Enhancing Stability and Expression of Recombinant Human Hemoglobin in E. Coli: Progress in the Development of a Recombinant HBOC Source
Graves, Philip Edwar
Olson, John S.
Master of Arts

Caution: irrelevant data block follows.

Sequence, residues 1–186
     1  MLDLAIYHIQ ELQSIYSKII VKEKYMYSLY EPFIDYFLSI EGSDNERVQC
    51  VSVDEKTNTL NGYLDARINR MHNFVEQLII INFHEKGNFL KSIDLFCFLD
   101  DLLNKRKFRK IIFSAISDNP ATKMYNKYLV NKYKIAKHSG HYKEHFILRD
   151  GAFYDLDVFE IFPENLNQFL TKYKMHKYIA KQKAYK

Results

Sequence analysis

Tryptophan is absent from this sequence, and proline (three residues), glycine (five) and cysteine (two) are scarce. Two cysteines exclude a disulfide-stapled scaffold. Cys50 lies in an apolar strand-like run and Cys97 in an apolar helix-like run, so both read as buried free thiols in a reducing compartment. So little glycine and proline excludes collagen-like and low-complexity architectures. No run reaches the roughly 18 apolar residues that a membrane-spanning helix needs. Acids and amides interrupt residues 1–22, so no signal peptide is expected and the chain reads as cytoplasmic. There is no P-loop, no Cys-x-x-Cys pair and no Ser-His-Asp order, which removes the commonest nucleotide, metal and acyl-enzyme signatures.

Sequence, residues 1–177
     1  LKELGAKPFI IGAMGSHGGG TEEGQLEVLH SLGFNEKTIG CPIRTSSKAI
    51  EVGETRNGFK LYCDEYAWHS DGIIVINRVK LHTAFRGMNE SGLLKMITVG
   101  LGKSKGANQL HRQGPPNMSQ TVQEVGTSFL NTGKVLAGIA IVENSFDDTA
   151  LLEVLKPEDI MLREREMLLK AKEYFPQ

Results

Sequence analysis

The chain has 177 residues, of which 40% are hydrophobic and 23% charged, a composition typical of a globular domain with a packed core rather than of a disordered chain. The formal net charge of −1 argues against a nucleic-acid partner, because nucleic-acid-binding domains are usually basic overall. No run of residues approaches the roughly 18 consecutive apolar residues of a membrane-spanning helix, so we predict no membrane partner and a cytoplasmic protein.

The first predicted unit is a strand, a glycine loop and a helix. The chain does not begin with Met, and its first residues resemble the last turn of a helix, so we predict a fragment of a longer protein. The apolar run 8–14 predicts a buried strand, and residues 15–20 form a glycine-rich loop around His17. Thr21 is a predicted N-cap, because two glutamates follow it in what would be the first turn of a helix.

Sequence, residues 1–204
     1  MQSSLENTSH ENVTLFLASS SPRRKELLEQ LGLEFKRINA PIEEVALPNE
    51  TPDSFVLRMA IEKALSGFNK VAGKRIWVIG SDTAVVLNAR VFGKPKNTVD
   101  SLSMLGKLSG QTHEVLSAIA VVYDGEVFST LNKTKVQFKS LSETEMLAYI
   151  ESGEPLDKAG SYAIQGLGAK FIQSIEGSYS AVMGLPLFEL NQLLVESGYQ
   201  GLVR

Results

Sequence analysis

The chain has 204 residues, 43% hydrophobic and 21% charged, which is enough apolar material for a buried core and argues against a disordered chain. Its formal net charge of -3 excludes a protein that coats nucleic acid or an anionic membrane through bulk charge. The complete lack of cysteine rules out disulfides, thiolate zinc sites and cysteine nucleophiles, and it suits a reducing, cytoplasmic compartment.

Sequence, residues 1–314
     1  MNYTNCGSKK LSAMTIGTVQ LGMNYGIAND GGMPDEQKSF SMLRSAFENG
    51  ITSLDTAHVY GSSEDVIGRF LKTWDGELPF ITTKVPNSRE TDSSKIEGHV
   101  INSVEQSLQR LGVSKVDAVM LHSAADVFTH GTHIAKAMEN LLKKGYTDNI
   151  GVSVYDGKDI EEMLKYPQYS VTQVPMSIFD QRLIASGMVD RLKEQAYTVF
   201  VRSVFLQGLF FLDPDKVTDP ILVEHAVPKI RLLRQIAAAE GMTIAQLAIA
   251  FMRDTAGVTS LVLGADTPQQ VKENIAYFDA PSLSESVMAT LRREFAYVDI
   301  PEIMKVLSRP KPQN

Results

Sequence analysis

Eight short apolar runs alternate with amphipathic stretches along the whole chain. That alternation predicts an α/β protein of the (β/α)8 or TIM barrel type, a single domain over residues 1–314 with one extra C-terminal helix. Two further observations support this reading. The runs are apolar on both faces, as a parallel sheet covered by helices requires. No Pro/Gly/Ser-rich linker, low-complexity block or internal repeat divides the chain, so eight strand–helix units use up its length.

The commercial feasibility of recombinant human Hb (rHb) as an O2 delivery pharmaceutical is limited by the production yield of holoprotein in E. coli. Currently the production ofrHb is not cost effective for use as a source in the development of third and fourth generation Hb-based oxygen carriers (HBOCs). The major problems appear to be aggregation and degradation of apoglobin at the nominal expression temperatures, 28-37° C, and the limited amount of free heme that is available for holohemoglobin assembly. One approach to solve the first problem is to inhibit apoglobin precipitation by a comparative mutagenesis strategy to improve apoglobin stability. aGlyl5 to Ala and P Glyl6 to Ala mutations have been constructed to increase the stability of the A helices of both subunits of adult human hemoglobin (HbA), based on comparison with the sequences of the more stable sperm whale hemoglobin subunits. Human fetal hemoglobin is also known to be more stable than HbA, and comparisons between human P and y (fetal Hb) chains indicate several substitutions that stabilize the aiPi interface, one of which, pHisllb to lie, increases resistance to denaturation and enhances expression in E. coli. These favorable effects of enhanced globin stability can be augmented by co-expression of bacterial membrane heme transport systems to increase the rate and extent of heme uptake through the bacterial cell membranes. The combination of increased apoglobin stability and active heme transport may enhance holohemoglobin production to levels that may make rHb a plausible starting material for all extracellular Hb-based oxygen carriers.